U.S. - China Trade Agreement Will Affect Oil

One tenet of the U.S. - China Trade Agreement reached in substance yesterday requires China to buy crude oil from the U.S. When the 80-page agreement is finally signed and a copy of it is released to the public in its final form, we will see the volumes of oil China is promising to buy from us. This entices China to stop buying oil illegally from Iran, and provides a new (a hefty) market for our crude. This, no doubt, is a big part of the reason why oil is touching $60/bbl on NYMEX again.

I personally expect it to rise higher, especially in January after the final agreement is formally signed, and we get to see the volume of oil China is promising to buy from us each year. Based on all of this, it is reasonable to project oil prices will rise above $70 but probably level out around $75.

Oil companies with cash and savvy will take advantage of this unfolding event, to position themselves to be producers of oil to be earmarked for China. Lease offers should pick up over the weeks following signing the Phase 1 trade agreement.

Sorry- supply & demand will win out. No new demand since USA drilled our way out of another boom.

You may very well be right about that, Todd. It just appears to me that we have a new source of “demand” that will pull on our current flow of supply. I still think we will see a bump in WTI once China begins placing the orders for crude deliveries, but perhaps not permanent. The rise probably will be slight, until the supply-demand ratio stabilizes again.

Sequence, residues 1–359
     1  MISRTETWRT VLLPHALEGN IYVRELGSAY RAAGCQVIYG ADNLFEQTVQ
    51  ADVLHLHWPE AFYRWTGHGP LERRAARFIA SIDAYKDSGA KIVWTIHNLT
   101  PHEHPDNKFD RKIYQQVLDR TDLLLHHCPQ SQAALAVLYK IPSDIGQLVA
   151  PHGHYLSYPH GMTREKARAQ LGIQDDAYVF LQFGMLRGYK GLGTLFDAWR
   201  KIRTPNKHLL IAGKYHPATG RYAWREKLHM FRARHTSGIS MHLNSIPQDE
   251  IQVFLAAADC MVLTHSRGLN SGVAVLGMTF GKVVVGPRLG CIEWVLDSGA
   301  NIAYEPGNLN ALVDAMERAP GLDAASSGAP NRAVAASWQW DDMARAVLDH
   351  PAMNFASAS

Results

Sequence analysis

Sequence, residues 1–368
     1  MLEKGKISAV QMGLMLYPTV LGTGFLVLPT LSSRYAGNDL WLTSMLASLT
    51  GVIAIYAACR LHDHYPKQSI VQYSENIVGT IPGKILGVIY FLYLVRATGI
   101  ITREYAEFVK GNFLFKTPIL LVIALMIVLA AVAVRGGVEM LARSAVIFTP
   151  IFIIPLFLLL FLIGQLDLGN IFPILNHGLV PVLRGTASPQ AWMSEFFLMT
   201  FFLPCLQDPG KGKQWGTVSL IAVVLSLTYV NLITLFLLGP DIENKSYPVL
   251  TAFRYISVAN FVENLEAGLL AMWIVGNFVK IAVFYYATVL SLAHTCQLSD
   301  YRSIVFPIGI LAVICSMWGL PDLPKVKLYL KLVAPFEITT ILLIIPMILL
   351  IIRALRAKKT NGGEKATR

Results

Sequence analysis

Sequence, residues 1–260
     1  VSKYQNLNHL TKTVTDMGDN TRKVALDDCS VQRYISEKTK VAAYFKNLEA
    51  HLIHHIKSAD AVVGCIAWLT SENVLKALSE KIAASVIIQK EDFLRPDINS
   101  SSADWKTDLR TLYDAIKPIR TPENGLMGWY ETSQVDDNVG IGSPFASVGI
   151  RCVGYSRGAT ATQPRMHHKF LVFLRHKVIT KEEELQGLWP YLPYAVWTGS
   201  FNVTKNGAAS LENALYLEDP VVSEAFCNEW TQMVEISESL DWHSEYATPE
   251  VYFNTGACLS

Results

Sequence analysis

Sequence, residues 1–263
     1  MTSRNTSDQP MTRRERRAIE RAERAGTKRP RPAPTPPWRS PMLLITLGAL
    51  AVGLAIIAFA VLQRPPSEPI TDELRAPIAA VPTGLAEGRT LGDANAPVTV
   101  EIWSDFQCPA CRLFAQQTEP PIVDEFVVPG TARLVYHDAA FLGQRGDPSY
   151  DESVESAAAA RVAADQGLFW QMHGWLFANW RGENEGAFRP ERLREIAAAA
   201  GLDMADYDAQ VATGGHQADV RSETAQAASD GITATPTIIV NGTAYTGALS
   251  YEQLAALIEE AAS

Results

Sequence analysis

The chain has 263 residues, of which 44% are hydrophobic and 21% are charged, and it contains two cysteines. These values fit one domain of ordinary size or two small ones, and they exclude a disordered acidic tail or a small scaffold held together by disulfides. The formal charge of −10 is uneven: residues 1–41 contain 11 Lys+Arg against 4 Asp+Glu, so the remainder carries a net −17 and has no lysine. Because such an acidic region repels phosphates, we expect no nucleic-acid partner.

But I’m also keeping my eye on the growing number of bankruptcies and mergers taking place among private companies throughout the industry as less financially resilient companies fail to survive the shrinking profit margin from new drills–as depletion continues to curve. The private independents have been the backbone of U.S. oil production (and royalty owner payments) for a very long time, and statistically, independents can drill and operate wells more cheaply that the majors. The majors have a higher threshold of profit margin they require in order to wildcat, or even density drill, than independents. Could the U.S. oil industry landscape be about to change?

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